The House of Lords has voted for amendments to the controversial Strikes (Minimum Service Levels) Bill – in order to protect physiotherapy staff and other public sector workers from being unfairly dismissed for taking part in strike action.
Yesterday, peers in the House of Lords voted in favour of a series of amendments to the Bill, which had been proposed by the Trades Union Congress (TUC) and fully supported by the CSP.
Peers voted by 221 to 197 in favour of a key amendment to the legislation, which would require a consultation before the use of key ministerial powers contained in the Strikes Bill, including the involvement of parliament.
And, importantly, a vote to add an amendment to the Bill that would ensure that 'Failure to comply with a work notice shall not be regarded as a breach of the contract of employment of any person identified in the work notice, or constitute grounds for dismissal or any other detriment' was passed, by 232 votes to 201.
An amendment was also agreed to limit the reach of the legislation to England, exempting Scotland and Wales from the Bill's measures.
And the majority of peers in the House of Lords also voted for an amendment, moved by Lord Callanan, which specifies that 'employers must not have regard to whether a person has or has not taken part in trade union activities, made use of their services or had issues raised by a trade union on their behalf'.
The CSP has welcomed all of the amendments as a victory for TUC and the influence of unions working together to protect workers’ rights.
Rob Yeldham, CSP director of policy, said: ‘All the amendments put forward by the TUC were passed, which is a great result and testament to their work.
If the legislation can’t be stopped completely, these amendments will have a real impact on reducing the detriment to workers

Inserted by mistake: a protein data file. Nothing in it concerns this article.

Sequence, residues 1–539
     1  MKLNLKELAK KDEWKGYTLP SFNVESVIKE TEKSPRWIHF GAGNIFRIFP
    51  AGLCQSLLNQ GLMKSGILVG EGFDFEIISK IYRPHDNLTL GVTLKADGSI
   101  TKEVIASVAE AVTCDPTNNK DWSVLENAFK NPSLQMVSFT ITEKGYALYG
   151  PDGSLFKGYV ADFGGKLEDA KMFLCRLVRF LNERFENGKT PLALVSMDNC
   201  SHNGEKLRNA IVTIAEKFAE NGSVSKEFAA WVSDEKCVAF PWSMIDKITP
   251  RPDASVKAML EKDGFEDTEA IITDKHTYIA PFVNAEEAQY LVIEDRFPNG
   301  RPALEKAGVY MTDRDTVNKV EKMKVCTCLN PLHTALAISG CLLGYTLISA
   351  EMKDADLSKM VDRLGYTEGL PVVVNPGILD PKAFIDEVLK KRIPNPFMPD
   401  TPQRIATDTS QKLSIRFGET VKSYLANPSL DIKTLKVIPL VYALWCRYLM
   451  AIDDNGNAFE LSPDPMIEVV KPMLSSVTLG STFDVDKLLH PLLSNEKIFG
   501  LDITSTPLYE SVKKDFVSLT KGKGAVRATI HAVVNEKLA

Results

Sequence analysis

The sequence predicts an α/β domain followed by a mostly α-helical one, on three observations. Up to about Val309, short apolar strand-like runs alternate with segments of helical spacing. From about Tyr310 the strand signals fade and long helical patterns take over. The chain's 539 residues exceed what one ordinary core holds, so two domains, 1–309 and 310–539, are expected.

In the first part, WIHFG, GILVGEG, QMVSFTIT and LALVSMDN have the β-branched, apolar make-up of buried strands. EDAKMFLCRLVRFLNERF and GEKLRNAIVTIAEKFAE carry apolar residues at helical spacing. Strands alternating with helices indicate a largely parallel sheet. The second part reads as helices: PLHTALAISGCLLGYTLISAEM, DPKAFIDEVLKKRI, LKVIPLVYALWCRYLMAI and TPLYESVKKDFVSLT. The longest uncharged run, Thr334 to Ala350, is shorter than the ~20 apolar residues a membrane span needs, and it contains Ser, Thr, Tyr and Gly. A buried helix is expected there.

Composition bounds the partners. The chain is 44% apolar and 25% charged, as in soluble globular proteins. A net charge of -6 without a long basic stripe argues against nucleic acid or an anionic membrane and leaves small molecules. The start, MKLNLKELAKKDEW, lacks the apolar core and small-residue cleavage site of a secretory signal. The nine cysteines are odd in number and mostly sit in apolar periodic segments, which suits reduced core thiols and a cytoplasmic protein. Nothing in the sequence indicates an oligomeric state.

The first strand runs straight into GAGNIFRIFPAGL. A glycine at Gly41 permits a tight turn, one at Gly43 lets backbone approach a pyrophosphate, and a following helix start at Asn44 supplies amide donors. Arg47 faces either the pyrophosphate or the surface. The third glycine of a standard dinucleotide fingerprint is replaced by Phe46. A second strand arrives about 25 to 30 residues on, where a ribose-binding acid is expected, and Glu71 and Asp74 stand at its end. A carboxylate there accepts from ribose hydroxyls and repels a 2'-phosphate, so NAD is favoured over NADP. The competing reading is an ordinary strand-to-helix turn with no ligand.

‘This is a great result for the TUC and wouldn’t have happened without the collective work of trade unions.'
TUC general secretary Paul Nowak said peers had 'done the right thing and voted to stop nurses, teachers, firefighters and other public sector workers getting sacked for exercising their right to strike.
He added that 'No one should be sacked for trying to win a better deal at work' and urged the government to rethink its legislation and protect the right to strike.
The Bill will now be updated to show all the amendments before being considered in a further reading in the House of Lords.
What did the Bill previously propose?
If passed into law, the unamended Bill would have allowed ministers to impose minimum service levels (MSLs) on services within six sectors: health services, education, fire and rescue, transport, border security, and the nuclear sector.
MSLs would allow employers in these sectors to impose a 'work notice' identifying individuals expected to carry on working during any strike action. Anyone specified in the work notice who then did take strike action would lose their protection from any automatic unfair dismissal.
However, last month, the Joint Committee on Human Rights concluded that the proposed legislation was deeply flawed, stating that it conflicted with Article 11 of the European Convention on Human Rights, which guarantees freedom of association, including the right to strike.
Commenting on the amendments passed by the House of Lords yesterday, Labour lord Ray Collins said: 'Whatever your views about the state of industrial relations in this country, we should all agree that a rushed process which puts power over making laws in the hands of ministers without proper parliamentary scrutiny and oversight is simply not right.
What this amendment seeks to do is not prolong, not delay, not frustrate, but to ensure parliament has proper oversight and that there is proper consultation with all those involved
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